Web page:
Like Ukraine, Tibet had the particular problem of a neighbour that did not recognize its right to exist, although prior to 1950, the country of Tibet was actively pursuing negotiations for formal recognition with its neighbours. Sadly, after the Chinese Civil War, the Chinese Communist Party violently invaded Tibet and imposed the so-called 17-point agreement, an agreement that has, incidently, never been honoured. Violent conquest and occupation should never be recognized as a legitimate way to establish a territorial claim, not in Ukraine, not in Taiwan and not in Tibet.
Following this invasion, the Dalai Lama, the spiritual and political leader of Tibet, was forced into exile in India, from where he has since led an international resistance campaign that has spanned more than 60 years. His Holiness the Dalai Lama is of course the most recognized person in the Tibetan resistance struggle. He is clearly a remarkable figure. When I was first elected, I was honoured to have an audience with him in Dharamshala in India, which is his headquarters and also the headquarters of the Central Tibetan Administration. That simple conversation has deeply shaped my own thinking about human rights and Canada's role in advocating for it.
One of the most incredible things is to meet a person who we know has experienced deep suffering and injustice, yet when we observe them, we find they are nonetheless possessed with an electric joie de vivre and clearly derive joy and happiness not from the particulars of their circumstances but from an external reality. Such was my impression of the Dalai Lama, someone who has been forced to spend most of his life in exile and someone with significant status. He is perhaps the most recognizable person on the planet and is joyful, informal, friendly and extremely funny. Far from expressing bitterness or anger toward the nation that forced him into exile, he expressed goodwill toward China and a desire for it to pursue an ambition for greatness while peacefully engaging in dialogue and partnership with other nations. The Dalai Lama demonstrates a living out of the simple exhortation to love one's enemies and pray for those who persecute us.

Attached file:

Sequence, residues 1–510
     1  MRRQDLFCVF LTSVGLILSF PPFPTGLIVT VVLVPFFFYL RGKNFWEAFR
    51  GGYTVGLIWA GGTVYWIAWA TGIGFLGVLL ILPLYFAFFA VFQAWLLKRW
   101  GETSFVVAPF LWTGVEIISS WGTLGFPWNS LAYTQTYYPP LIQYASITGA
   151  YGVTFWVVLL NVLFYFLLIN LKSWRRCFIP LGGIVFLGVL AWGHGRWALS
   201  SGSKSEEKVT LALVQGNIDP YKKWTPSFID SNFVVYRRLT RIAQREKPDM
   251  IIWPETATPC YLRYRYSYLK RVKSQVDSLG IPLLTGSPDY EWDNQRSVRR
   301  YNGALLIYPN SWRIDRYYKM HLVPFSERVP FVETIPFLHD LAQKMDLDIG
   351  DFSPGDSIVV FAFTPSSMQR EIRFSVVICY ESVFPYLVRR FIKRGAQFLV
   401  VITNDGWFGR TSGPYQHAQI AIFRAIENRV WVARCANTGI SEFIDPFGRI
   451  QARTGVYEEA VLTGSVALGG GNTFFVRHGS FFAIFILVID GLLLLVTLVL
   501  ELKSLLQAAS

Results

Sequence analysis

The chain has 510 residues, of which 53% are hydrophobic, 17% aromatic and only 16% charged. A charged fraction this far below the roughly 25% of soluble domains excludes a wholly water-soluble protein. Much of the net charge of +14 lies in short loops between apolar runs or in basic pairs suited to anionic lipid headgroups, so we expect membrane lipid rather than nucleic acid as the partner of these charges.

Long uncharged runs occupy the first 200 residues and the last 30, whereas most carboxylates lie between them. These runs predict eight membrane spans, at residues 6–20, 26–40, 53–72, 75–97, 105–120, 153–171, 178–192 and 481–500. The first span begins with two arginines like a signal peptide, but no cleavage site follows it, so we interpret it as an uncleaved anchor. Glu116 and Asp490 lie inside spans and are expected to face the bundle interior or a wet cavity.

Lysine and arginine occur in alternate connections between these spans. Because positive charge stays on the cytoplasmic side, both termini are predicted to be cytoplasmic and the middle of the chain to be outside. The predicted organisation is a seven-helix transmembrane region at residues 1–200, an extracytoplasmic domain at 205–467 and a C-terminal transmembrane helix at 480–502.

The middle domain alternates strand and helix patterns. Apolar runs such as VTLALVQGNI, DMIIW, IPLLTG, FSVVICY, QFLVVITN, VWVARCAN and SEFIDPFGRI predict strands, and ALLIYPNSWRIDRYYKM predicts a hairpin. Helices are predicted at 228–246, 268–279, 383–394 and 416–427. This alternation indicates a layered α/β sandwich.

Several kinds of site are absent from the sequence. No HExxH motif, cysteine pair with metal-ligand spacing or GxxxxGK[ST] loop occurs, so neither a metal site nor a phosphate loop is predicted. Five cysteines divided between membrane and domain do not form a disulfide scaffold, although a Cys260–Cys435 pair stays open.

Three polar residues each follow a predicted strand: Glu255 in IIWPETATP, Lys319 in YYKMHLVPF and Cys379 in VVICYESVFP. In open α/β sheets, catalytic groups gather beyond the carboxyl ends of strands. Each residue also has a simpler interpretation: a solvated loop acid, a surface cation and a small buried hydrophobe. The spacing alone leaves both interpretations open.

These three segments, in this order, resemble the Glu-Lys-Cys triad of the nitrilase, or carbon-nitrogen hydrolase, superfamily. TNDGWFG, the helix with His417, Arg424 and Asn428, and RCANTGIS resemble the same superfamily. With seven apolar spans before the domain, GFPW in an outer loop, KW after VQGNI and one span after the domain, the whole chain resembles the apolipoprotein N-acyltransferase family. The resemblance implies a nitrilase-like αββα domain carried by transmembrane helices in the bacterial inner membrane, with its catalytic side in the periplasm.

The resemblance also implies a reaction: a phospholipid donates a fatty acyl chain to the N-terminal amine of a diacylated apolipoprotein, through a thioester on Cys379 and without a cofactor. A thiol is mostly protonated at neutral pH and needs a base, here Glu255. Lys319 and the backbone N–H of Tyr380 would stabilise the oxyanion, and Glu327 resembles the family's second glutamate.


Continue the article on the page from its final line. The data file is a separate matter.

It was powerful for me as a Christian to see this teaching of Jesus being lived so well by someone who clearly comes from a different spiritual tradition but nonetheless practises the wisdom that is common to both. Loving one's enemies is not just good spiritual wisdom. It has an important practical function in geopolitics. An enemy who is bent on causing suffering must clearly be stopped and defeated, and the call to love one's enemies has never been interpreted as an injunction to simply accept and permit violence. However, total defeat of an enemy is rarely possible. Tibet will continue to have China as its neighbour, regardless of the political forms by which either are governed. In the long run, therefore, they have to find a way to live together.
To quote Desmond Tutu, “There is no future without forgiveness.” As such, some eventual reconciliation, facilitated by mutual love, goodwill and forgiveness, is the only path to stable and permanent peace. Love and goodwill toward an enemy can be the starting point for trying to persuade that enemy to change their ways, and it provides the basis for forgiveness and reconciliation after a conflict has ended.
I believe what the Dalai Lama means by dialogue is a rich and deep dialogue toward mutual understanding, not simple formal negotiation, and this desire for meaningful dialogue comes out of real love and goodwill. All nations facing conflict would do well to recognize the simple truth that they will remain neighbours until the end of time and that mutual recognition and self-determination, as well as some measure of love and goodwill, are the only viable alternatives to tension and conflict.
Jewish and Christian scripture says the following about how to treat one's enemy:
If your enemy is hungry, give him food to eat, and if he is thirsty, give him water to drink. For in so doing, you will heap burning coals on his head....
This particular passage has always confused me. Is the purpose of loving one's enemy a kind of jiu-jitsu move aimed at causing one's enemy to suffer, or is it based on genuine good intentions? Of course, it has to be based on good intentions and a genuine desire for reconciliation, but it is also true that these displays of goodwill from figures like the Dalai Lama are profoundly confusing and discombobulating for an aggressive power. They render the aggressive power's propaganda absurd and leave that power with a general loss on what to credibly say or do.